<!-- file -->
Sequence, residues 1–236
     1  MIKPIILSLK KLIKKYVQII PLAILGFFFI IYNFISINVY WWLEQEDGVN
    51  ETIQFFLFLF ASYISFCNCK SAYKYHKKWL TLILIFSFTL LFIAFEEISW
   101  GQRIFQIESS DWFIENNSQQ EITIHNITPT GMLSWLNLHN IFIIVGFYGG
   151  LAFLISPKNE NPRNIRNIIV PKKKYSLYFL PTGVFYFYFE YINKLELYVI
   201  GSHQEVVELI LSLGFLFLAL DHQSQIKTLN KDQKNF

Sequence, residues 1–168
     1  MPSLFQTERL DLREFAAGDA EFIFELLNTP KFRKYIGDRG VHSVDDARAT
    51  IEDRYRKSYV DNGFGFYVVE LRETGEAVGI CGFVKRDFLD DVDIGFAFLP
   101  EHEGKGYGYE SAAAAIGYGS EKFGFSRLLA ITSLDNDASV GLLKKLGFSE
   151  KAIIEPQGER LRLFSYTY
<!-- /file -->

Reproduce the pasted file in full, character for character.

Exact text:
Sequence, residues 1–236
     1  MIKPIILSLK KLIKKYVQII PLAILGFFFI IYNFISINVY WWLEQEDGVN
    51  ETIQFFLFLF ASYISFCNCK SAYKYHKKWL TLILIFSFTL LFIAFEEISW
   101  GQRIFQIESS DWFIENNSQQ EITIHNITPT GMLSWLNLHN IFIIVGFYGG
   151  LAFLISPKNE NPRNIRNIIV PKKKYSLYFL PTGVFYFYFE YINKLELYVI
   201  GSHQEVVELI LSLGFLFLAL DHQSQIKTLN KDQKNF

Sequence, residues 1–168
     1  MPSLFQTERL DLREFAAGDA EFIFELLNTP KFRKYIGDRG VHSVDDARAT
    51  IEDRYRKSYV DNGFGFYVVE LRETGEAVGI CGFVKRDFLD DVDIGFAFLP
   101  EHEGKGYGYE SAAAAIGYGS EKFGFSRLLA ITSLDNDASV GLLKKLGFSE
   151  KAIIEPQGER LRLFSYTY